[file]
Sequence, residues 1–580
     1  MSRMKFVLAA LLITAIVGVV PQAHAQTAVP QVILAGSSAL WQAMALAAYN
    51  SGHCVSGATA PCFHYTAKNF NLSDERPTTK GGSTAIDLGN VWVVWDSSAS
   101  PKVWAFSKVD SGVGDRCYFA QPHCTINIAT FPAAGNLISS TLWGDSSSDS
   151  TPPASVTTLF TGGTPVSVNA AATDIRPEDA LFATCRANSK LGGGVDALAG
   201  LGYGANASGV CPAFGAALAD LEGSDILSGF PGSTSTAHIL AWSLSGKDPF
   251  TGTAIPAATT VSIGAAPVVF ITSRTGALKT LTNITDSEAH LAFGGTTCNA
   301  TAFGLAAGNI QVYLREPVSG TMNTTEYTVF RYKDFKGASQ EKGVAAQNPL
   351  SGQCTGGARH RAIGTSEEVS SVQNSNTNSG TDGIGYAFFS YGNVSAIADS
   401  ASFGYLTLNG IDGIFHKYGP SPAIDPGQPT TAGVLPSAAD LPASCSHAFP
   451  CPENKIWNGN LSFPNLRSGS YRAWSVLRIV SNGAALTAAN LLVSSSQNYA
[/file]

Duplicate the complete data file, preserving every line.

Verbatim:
Sequence, residues 1–580
     1  MSRMKFVLAA LLITAIVGVV PQAHAQTAVP QVILAGSSAL WQAMALAAYN
    51  SGHCVSGATA PCFHYTAKNF NLSDERPTTK GGSTAIDLGN VWVVWDSSAS
   101  PKVWAFSKVD SGVGDRCYFA QPHCTINIAT FPAAGNLISS TLWGDSSSDS
   151  TPPASVTTLF TGGTPVSVNA AATDIRPEDA LFATCRANSK LGGGVDALAG
   201  LGYGANASGV CPAFGAALAD LEGSDILSGF PGSTSTAHIL AWSLSGKDPF
   251  TGTAIPAATT VSIGAAPVVF ITSRTGALKT LTNITDSEAH LAFGGTTCNA
   301  TAFGLAAGNI QVYLREPVSG TMNTTEYTVF RYKDFKGASQ EKGVAAQNPL
   351  SGQCTGGARH RAIGTSEEVS SVQNSNTNSG TDGIGYAFFS YGNVSAIADS
   401  ASFGYLTLNG IDGIFHKYGP SPAIDPGQPT TAGVLPSAAD LPASCSHAFP
   451  CPENKIWNGN LSFPNLRSGS YRAWSVLRIV SNGAALTAAN LLVSSSQNYA